Serve in Your Sweet Spot

Serve in Your Sweet Spot

Lean into your personality, strengths, and gifts.
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There are quite a few personality inventories out there, and most of them work well. If you need more input into which will serve you best you, may want to talk to a counselor you know to get more perspective on how each one works. Here are some personality inventories worth considering:

  • Myers-Briggs Type Indicator
  • Keirsey Temperament Sorter
  • DISC Profile
  • The Birkman Method
  • Enneagram Test

In addition to understanding a person's personality, it's helpful to work with them to figure out their strengths. While personality has to do with how a person is made, strengths have to do with what they are good at. When someone serves out of their strengths, they're most effective and fulfilled. Of course there is a correlation between someone's personality and their strengths, but they're not the same thing.

For instance, I love music. I have thought many times about learning to play guitar, and I have daydreams about being part of a worship team. The biggest problem with this is that I lack rhythm. I've never had it. Now, I could work really hard and probably become an average guitar player, but knowing myself I will never be really good at it. Speaking, on the other hand, has always come pretty naturally. I've worked at it over the years and improved, but I always did well in speech class and debate team, and now feel relatively comfortable with the speaking part of preaching and teaching. At this point in my life, speaking is a strength and playing the guitar is not. I can benefit our community more by speaking than trying to be part of the worship team. Plus, I'm more fulfilled in the process.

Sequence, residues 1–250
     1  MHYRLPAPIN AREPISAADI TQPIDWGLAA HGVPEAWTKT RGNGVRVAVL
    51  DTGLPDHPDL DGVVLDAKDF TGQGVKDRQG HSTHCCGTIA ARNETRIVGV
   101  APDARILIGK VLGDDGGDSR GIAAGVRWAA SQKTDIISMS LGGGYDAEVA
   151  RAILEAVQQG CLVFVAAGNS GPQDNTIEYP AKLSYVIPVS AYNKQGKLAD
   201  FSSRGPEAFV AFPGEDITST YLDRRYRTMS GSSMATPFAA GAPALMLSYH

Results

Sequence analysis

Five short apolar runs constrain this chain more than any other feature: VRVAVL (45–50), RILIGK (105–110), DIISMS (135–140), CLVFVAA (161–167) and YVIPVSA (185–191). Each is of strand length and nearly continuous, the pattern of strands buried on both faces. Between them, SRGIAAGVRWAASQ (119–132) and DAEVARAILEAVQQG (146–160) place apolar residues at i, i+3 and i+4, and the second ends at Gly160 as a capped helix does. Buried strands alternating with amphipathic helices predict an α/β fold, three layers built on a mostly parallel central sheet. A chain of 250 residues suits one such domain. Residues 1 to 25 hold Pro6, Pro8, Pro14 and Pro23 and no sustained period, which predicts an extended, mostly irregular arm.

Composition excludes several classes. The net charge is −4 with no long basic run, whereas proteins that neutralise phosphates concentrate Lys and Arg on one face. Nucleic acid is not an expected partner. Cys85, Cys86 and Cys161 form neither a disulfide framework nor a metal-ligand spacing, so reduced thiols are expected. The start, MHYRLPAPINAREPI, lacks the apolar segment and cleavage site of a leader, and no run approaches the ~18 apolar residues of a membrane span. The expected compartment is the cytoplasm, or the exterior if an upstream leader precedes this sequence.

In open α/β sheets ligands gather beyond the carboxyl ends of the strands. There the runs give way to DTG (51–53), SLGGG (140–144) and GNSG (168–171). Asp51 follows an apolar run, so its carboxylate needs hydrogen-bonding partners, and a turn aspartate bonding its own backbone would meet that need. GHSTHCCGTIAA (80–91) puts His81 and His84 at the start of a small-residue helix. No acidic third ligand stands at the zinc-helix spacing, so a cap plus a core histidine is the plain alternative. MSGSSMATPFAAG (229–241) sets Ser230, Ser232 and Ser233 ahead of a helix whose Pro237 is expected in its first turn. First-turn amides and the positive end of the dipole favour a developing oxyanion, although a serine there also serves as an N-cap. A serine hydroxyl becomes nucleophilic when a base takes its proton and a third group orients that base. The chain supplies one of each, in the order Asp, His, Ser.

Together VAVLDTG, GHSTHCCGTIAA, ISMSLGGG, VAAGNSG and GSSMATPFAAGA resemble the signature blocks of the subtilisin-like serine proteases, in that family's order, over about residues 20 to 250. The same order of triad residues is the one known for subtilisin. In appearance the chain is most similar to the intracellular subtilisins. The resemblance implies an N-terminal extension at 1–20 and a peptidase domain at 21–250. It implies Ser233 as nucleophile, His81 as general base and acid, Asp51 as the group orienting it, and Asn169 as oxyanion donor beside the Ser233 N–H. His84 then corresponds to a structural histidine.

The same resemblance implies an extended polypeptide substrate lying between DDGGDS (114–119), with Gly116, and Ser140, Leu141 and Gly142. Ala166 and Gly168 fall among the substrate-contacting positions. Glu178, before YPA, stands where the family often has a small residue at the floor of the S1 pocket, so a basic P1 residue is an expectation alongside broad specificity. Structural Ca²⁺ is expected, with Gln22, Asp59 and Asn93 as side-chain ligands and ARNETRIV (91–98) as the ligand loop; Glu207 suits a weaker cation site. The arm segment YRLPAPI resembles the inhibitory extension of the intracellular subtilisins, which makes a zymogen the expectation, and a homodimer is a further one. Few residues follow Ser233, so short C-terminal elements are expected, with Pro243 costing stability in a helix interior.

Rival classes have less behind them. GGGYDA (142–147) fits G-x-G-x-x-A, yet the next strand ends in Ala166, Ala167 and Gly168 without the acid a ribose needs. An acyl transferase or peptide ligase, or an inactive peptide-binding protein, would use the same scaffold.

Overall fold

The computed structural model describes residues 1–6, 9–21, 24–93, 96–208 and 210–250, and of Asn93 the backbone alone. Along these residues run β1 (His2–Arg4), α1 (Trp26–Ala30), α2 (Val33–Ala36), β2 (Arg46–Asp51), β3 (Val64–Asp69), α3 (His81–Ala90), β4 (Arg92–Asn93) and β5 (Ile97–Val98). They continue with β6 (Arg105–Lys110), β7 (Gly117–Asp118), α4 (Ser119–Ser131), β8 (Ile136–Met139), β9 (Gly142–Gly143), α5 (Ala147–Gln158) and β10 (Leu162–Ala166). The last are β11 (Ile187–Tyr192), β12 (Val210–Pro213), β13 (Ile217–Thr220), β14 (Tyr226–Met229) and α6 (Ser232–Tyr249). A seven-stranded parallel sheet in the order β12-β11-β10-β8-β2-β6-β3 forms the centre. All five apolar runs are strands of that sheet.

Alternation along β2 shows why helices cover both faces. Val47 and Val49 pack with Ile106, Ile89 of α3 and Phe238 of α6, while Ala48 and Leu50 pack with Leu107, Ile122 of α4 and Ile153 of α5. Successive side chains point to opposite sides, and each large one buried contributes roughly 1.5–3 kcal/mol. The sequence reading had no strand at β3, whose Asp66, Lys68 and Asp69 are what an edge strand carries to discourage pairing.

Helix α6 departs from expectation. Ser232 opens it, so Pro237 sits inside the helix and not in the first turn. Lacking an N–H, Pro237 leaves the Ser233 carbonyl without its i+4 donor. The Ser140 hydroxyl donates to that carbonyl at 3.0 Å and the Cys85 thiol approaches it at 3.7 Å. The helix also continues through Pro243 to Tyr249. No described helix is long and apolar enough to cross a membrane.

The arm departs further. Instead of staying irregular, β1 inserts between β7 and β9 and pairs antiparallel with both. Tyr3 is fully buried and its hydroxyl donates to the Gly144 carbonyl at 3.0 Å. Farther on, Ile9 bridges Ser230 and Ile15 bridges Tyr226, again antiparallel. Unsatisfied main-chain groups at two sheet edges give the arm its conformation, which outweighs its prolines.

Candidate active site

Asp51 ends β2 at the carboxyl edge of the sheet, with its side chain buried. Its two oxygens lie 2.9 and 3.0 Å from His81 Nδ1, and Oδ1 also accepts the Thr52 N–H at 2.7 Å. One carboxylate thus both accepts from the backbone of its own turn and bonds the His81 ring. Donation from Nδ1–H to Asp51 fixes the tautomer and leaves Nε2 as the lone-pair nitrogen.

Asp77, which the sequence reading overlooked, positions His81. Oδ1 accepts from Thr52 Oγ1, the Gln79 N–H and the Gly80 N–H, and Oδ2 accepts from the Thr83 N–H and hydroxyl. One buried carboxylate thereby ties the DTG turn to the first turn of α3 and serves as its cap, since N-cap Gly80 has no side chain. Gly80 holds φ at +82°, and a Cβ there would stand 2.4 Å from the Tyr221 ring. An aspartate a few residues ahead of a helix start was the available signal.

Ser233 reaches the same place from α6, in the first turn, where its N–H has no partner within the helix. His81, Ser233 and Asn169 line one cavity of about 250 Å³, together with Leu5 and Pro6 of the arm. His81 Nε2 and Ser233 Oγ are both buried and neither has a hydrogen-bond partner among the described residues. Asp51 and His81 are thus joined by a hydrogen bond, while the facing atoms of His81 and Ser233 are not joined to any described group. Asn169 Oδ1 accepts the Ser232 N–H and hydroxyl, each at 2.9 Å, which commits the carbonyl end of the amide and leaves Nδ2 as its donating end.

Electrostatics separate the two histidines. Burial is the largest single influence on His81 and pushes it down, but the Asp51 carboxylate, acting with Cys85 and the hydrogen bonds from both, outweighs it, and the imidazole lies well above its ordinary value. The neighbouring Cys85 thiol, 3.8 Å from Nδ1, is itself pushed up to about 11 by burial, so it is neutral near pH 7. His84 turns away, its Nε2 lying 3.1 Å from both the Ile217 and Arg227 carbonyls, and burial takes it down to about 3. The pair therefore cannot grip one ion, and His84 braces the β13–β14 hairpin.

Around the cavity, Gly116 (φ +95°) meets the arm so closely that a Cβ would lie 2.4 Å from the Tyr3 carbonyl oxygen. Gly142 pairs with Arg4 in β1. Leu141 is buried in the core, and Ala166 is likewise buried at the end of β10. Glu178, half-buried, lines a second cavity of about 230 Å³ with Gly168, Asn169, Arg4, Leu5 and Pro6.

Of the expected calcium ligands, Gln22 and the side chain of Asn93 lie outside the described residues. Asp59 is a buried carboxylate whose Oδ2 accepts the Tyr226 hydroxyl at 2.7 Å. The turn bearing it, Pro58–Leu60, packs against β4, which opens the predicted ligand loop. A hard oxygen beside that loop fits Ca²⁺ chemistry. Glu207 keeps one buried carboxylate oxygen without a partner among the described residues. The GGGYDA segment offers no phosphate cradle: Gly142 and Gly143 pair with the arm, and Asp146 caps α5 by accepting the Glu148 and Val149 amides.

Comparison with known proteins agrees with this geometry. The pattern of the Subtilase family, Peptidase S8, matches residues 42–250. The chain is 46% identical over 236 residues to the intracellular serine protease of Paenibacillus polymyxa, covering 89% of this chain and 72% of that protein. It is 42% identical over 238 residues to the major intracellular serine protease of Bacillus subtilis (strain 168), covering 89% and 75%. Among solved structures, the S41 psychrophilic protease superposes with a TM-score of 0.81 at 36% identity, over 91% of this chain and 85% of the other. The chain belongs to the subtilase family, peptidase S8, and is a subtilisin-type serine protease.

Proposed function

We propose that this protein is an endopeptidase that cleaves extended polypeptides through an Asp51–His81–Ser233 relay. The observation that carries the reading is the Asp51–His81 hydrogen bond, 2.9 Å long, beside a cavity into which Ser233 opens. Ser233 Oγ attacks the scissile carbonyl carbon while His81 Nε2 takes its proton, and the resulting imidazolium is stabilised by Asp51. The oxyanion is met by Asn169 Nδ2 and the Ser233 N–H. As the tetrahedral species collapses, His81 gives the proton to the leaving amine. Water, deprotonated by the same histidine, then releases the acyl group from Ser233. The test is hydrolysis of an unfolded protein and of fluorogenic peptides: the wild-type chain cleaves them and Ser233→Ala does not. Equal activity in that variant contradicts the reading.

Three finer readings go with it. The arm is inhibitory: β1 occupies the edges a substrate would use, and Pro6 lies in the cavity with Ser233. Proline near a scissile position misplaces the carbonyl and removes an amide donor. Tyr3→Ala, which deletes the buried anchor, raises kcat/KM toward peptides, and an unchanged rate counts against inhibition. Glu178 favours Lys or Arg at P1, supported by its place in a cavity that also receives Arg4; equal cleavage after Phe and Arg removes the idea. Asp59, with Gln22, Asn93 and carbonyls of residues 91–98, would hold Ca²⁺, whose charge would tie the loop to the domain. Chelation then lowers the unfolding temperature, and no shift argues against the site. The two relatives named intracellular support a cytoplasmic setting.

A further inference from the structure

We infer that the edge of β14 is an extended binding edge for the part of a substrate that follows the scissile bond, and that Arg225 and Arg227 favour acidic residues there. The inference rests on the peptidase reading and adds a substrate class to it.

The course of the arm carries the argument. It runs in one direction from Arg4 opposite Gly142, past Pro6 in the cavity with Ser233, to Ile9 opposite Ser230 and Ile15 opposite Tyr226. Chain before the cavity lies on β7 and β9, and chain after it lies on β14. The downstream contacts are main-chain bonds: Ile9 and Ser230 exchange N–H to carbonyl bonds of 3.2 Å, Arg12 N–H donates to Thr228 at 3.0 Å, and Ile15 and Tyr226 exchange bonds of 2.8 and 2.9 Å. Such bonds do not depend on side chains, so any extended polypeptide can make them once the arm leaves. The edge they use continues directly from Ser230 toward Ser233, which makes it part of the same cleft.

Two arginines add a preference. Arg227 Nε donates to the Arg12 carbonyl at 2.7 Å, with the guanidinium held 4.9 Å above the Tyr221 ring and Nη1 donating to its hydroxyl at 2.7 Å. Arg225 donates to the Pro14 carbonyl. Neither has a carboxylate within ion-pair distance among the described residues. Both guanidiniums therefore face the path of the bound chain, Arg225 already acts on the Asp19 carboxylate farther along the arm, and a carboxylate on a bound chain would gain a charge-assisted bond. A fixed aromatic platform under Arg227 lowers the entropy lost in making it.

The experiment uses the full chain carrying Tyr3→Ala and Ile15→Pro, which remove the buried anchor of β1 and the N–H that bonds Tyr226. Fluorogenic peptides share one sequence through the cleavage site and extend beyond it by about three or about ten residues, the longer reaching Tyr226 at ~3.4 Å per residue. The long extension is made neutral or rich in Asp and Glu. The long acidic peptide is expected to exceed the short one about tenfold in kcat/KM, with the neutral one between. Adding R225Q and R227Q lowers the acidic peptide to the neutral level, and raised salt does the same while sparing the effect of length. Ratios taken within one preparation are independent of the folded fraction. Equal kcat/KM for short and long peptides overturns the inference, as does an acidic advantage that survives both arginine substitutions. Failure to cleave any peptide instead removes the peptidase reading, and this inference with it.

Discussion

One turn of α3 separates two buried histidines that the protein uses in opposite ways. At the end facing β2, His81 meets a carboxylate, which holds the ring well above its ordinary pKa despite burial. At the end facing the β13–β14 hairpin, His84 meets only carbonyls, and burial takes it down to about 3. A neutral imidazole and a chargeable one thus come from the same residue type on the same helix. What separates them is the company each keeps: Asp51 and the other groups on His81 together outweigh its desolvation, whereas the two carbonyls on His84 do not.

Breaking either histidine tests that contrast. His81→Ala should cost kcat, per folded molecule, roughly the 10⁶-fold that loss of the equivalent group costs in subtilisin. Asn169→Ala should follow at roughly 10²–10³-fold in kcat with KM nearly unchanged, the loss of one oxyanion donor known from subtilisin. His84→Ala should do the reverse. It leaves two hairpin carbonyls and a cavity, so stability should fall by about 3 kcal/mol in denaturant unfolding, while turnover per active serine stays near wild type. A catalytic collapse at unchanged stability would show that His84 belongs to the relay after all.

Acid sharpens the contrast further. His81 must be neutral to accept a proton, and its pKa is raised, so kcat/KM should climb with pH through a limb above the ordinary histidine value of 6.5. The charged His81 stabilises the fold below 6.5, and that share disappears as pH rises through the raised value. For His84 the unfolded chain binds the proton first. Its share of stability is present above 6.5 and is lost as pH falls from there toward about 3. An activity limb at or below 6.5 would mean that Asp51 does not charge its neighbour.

This isn't to say that people should never take on a new skill or work on their weaknesses, but for the sake of each person, our churches, and the world, it's often best to encourage people into their strengths. Here are two ways we help people identify and live into their strengths.

  • Use StrengthsFinder 2.0. This is an inventory, much like those that help identify personality traits, that helps clarify areas of strength.
  • Ask those who know a person well to identify their strengths. We sometimes ask three different people to list the top five strengths they see in a person. Then we compile those lists and pay special attention to the things that all three people identify.
Spiritual Gifts

Finally, we must not ignore spiritual gifts. This can move us into some deep theological discussions (How many gifts are there? How are gifts given? Are they given forever or for a specific task?), but for today we're going to stay on a more practical level.

Personality, strengths, and spiritual gifts are often deeply tied to each other, but the Bible makes it clear that the Holy Spirit gives gifts to people that have to do specifically with a person's ministry in the context of the body of Christ. 1 Corinthians 12:7 says, "Now to each one the manifestation of the Spirit is given for the common good."

There are a number of things that can play into the discernment of spiritual gifts:

  • Prayer. God is the one who gives these gifts through the Spirit, so a great place to start in discerning what gifts a person has is in prayer.
  • Calling. Does the person you're working with feel a call from God into a specific kind of service? If he or she truly is called, then we can trust God to give the needed gifts to pursue that calling.

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